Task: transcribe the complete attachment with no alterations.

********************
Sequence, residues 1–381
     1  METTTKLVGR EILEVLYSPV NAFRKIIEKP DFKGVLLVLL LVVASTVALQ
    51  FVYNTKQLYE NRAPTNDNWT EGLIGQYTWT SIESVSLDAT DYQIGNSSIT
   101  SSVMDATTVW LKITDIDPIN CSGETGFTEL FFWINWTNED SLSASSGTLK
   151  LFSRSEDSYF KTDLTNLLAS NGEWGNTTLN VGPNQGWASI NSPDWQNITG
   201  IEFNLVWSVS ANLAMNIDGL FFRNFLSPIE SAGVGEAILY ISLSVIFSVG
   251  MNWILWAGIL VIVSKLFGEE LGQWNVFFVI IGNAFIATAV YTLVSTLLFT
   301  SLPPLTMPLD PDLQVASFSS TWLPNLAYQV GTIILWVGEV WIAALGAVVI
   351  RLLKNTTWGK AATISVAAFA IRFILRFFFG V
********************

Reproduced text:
Sequence, residues 1–381
     1  METTTKLVGR EILEVLYSPV NAFRKIIEKP DFKGVLLVLL LVVASTVALQ
    51  FVYNTKQLYE NRAPTNDNWT EGLIGQYTWT SIESVSLDAT DYQIGNSSIT
   101  SSVMDATTVW LKITDIDPIN CSGETGFTEL FFWINWTNED SLSASSGTLK
   151  LFSRSEDSYF KTDLTNLLAS NGEWGNTTLN VGPNQGWASI NSPDWQNITG
   201  IEFNLVWSVS ANLAMNIDGL FFRNFLSPIE SAGVGEAILY ISLSVIFSVG
   251  MNWILWAGIL VIVSKLFGEE LGQWNVFFVI IGNAFIATAV YTLVSTLLFT
   301  SLPPLTMPLD PDLQVASFSS TWLPNLAYQV GTIILWVGEV WIAALGAVVI
   351  RLLKNTTWGK AATISVAAFA IRFILRFFFG V